The sampling distribution is a theoretical concept which describes the range of values from which a statistic is likely to be found and the frequency of selecting a particular value. Commonly, sampling distributions are used in statistics to compute the mean value of a sample. After repeatedly taking samples from a data set, the statistical mean for the sample set can be derived and this statistic will describe the sampling distribution of the mean.
Sampling distributions also assist in explaining the variability associated with a data set. By understanding the amount of variability which a data set possesses, the likelihood of selecting a particular value can be estimated. Values which are more likely to be selected will lie closer to the mean of the sampling distribution, rather than farther away. Furthermore, the variability of a sample can be estimated by the shape of the distribution when graphed.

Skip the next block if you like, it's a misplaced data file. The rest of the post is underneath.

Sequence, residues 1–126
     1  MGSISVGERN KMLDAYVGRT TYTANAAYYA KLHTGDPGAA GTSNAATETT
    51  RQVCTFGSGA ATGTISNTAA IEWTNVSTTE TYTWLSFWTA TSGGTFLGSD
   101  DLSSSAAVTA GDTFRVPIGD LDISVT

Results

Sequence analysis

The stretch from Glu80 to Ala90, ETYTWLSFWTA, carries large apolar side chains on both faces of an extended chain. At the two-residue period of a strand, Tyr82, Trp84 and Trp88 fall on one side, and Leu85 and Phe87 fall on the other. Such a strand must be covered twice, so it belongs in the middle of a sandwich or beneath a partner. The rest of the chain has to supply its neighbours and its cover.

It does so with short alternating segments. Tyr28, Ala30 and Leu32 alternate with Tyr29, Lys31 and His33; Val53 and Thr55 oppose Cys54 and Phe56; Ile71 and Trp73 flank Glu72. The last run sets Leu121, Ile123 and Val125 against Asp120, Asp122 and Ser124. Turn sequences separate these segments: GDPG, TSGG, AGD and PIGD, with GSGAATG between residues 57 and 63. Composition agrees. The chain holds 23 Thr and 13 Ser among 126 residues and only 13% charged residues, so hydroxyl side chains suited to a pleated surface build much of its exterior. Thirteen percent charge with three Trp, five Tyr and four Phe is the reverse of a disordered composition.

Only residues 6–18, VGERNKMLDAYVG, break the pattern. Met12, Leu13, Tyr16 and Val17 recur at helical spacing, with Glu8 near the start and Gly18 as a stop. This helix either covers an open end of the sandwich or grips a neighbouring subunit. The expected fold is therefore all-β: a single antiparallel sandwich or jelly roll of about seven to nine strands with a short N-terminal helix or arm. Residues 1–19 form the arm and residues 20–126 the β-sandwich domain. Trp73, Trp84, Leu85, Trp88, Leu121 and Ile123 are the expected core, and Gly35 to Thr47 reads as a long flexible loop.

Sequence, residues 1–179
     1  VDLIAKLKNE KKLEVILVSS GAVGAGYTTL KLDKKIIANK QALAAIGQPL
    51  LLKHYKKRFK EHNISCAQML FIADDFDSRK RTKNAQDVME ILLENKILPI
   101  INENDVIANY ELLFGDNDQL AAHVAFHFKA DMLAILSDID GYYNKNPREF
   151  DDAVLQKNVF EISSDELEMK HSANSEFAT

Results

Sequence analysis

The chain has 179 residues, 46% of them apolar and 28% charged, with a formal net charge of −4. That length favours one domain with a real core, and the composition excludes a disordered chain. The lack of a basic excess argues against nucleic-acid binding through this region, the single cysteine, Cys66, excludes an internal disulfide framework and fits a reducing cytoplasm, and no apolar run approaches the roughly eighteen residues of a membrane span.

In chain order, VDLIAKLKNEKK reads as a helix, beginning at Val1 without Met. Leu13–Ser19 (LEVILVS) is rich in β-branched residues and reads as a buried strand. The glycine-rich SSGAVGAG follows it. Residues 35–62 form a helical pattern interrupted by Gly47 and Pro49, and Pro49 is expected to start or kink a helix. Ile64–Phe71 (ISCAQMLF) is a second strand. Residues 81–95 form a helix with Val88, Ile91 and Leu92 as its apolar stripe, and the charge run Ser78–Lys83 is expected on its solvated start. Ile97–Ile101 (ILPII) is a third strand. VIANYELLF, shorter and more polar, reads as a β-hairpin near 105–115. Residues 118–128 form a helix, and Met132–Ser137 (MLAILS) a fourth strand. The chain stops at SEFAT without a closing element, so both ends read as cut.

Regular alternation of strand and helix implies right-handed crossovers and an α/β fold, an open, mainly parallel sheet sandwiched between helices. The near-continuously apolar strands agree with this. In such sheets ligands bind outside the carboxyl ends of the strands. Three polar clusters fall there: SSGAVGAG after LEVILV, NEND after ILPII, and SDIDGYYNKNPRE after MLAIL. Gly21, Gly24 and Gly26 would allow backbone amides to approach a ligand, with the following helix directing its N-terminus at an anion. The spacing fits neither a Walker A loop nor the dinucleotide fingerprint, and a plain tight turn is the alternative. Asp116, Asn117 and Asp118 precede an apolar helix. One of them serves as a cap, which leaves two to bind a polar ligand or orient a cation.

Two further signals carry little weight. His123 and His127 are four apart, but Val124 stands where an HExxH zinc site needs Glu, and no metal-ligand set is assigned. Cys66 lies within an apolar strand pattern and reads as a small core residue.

Sampling distributions are mainly theoretical in nature because it is not always a practical measure to calculate. In order to conduct this calculation, all possible combinations of samples which can be obtained from a population must be selected (1). With large populations, this is not likely plausible.
Understanding the sampling distribution of a data set is also important for the practice of statistical inference. For example, if you have a population of a particular size, such as n=20, you could calculate the mean or variability of the sampling distribution by estimating the likelihood of obtaining a particular value. The commonality and rareness of selecting values are important when formulating generalizations around a data set. Overall, sampling distributions are critical in analyzing a sample and using statistics to describe their distribution.